Wednesday, 8 January 2014

That second article I promised

I'll get back to food soon, definitely. But this close to Christmas, it hurts even to think of it so I'm avoiding the topic, and pretending that it can be ignored indefinitely. So bear with me for a few days until I've finished sweating out all that turkey and the chocolate coins have all been finished, and I will get back to the topic in hand.

In my previous, slightly apologetic post, I mentioned my dislike for New Years Resolutions and promised two articles that had prompted me to post, both of which were much more inspiring than a change in date.

The second can be found here, and was linked by a friend of mine on Facebook. It's a long read, and is deliberately confrontational at times, but I think that's awfully fun. If I agreed with everything that I saw on the internet, I would probably read it marginally less often, after all, and probably get more stuff done - which is what the article is talking about.

Not that the internet, specifically, stops me from doing things, but it certainly doesn't help. The central idea is summed up in a quote that I probably made up, but I'm sure I heard somewhere: many people talk about being something, but so few people talk about doing something. When I watch things like X Factor (not that I do, obviously, but I do read a number of Facebook posts that reconfirm that it's a Bad Thing), you hear people talking about how they want to be a singer. But you don't become a singer by thinking about being a singer, you become that by singing. A lot. You don't become anything without doing that thing. A lot.

This resonated with me because I'm so guilty of it. I have decided over the last couple of years that I have wanted to be:

  • a writer
  • a sailing skipper
  • a full time musician
  • a marketing person
  • a live music promoter
  • a cooking instructor
  • a football coach
  • a project manager
  • a website designer
  • a business man
  • a journalist
  • an academic
But the important fact is that I haven't done any of those things, I've wanted to be those things. The idea of being a writer is a lovely one, but do you know how many words I have written since this blog was last published in September 2012?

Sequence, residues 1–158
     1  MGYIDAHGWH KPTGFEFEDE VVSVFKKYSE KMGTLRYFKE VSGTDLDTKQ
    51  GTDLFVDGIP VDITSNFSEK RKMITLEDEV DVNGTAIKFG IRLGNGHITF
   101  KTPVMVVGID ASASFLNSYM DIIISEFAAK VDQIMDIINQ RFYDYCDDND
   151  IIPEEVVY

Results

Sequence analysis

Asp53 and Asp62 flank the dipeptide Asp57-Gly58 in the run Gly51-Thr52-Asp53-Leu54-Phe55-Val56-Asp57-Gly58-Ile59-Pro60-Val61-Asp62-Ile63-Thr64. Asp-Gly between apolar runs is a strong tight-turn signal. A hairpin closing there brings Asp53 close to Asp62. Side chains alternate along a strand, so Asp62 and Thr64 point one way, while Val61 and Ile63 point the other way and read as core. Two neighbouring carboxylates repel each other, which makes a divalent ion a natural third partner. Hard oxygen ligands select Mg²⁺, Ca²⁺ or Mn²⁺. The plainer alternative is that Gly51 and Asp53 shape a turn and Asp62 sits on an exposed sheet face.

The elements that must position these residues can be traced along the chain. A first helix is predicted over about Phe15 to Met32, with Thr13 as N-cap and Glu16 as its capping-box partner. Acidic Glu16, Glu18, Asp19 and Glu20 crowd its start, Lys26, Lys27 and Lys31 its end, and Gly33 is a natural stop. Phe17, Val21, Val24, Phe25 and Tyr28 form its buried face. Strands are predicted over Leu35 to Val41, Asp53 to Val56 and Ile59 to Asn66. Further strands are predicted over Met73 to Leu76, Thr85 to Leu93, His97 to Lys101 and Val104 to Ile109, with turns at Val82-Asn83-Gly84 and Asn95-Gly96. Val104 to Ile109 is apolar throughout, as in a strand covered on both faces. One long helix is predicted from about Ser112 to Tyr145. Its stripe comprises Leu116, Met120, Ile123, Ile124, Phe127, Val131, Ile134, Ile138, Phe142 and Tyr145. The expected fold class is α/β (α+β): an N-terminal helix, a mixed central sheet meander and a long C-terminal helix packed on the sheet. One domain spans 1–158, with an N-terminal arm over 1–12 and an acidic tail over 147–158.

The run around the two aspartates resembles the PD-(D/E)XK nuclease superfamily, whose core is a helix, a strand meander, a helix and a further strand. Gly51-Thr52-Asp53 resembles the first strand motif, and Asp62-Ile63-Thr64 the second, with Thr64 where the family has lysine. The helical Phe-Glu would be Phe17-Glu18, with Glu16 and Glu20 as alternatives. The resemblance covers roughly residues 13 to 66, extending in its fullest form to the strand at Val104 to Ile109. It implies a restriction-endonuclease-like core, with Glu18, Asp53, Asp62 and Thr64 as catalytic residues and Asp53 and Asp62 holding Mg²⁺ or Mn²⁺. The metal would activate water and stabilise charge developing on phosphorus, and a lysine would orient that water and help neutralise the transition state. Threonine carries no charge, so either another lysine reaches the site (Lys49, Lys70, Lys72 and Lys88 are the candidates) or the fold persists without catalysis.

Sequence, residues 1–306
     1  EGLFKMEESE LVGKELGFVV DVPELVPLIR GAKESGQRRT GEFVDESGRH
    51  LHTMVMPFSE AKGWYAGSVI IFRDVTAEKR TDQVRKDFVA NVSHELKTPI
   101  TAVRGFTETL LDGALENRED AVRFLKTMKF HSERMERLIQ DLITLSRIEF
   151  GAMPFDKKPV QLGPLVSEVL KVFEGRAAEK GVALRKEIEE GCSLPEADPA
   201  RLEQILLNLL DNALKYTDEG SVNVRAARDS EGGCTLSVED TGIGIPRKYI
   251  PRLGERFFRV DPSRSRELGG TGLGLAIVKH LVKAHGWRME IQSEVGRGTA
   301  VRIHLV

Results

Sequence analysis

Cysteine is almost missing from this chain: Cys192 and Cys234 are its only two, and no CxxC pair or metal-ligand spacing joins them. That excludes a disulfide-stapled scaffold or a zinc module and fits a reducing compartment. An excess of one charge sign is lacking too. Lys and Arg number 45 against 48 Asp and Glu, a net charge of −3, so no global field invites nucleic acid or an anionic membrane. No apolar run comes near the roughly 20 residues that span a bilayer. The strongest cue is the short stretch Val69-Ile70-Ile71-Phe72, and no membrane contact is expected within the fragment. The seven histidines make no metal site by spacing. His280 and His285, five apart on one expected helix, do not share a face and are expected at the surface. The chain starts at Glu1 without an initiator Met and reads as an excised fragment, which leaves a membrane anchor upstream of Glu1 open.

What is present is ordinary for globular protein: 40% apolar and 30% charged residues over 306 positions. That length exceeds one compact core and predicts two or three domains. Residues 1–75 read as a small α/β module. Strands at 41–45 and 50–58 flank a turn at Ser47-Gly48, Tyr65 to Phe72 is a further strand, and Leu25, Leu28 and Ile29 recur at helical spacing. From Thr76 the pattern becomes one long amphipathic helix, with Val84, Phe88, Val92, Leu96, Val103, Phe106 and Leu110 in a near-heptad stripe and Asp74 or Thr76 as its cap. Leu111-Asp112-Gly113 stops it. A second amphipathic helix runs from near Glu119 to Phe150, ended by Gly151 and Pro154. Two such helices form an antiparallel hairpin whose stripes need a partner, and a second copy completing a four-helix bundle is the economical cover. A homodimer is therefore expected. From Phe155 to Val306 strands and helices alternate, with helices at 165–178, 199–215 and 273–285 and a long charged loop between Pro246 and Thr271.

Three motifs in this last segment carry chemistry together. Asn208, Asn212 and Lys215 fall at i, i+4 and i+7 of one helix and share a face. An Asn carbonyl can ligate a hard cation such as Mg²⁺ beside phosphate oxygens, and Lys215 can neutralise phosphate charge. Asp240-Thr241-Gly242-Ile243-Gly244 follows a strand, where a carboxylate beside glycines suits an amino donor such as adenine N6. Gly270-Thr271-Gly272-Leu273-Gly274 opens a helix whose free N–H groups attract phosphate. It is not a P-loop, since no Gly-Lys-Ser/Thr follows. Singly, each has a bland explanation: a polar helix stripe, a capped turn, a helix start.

Not zero, but it might as well have been. I am not a writer because I do not write.

Time to change that? I think so. After all, this post is 445 words long, which is more than my output for the whole of 2013, so that's a start.

Thursday, 2 January 2014

Has it really been that long?

Well, yes. Since September 2012 to be precise.

Which is a bit embarrassing really. What is more embarrassing is that I'm writing this on the 2nd January, because that makes it look a bit like a New Years Resolution. Which it isn't. Categorically. No sirree. And now I have found a link to back up my aversion to them.

The real reason is that, sometimes, the internet can be a real delight. Most of the time it's frankly bullshit - lots of cats and selfies, as far as I can make out - but at other times the technology of social media allows you to see something that, while it might not change your life in the way that it intends to, makes you think: "Yes, that's rather good, actually."

I've seen two of these posts in recent months. The first, sadly, I can't find, but its central message has stayed with me, which is telling in itself. It referred to the writer's friend who used to send him postcards from holiday, which didn't have any writing on them. Apart from the address of course, it's not magic, and this is a physical postcard we're talking about. The writer used to get annoyed with his friend who didn't bother to compose any words for him, until the realisation hit that it really didn't matter. It didn't matter because the important thing was the sending of the postcard, not what was written on it. The message of the blank postcard is "I am thinking about you, and you are important enough to me for thoughts of you to provoke action to let you know that I am thinking about you".

There's always a problem in getting in contact with old friends, a feeling that you've got nothing to say. But you know what? When you call one of those people-about-whom-you-have-a-nagging-feeling-you-should-talk-to, you don't need to have anything to say. Because the minute they pick up your call, or read your postcard, they are delighted to hear from you, and that energy will be enough to carry you through any awkwardness there might be. (This entire hypothesis does rely on the idea that you are in fact not an arsehole, and that you haven't alienated people entirely. If that's the case, write a letter that says "I'm sorry", send it to them and expect nothing in return.)

I've actually applied this in recent weeks. I've called people who I haven't spoken to for years, and send people texts telling them I'm thinking about them - not because I'm conducting some kind of self improvement experiment, but because I have been thinking about them, and I felt moved to let them know. And it's been brilliant. I have laughed, caught up on news, commiserated, been recommended music and films, and made plans.

That's got to be worth a text, hasn't it? So go on, tell one person today that you're thinking about them.

And the other post that motivated me to write? Well, I'll tell you all about that in the next installment, which hopefully won't take quite so long.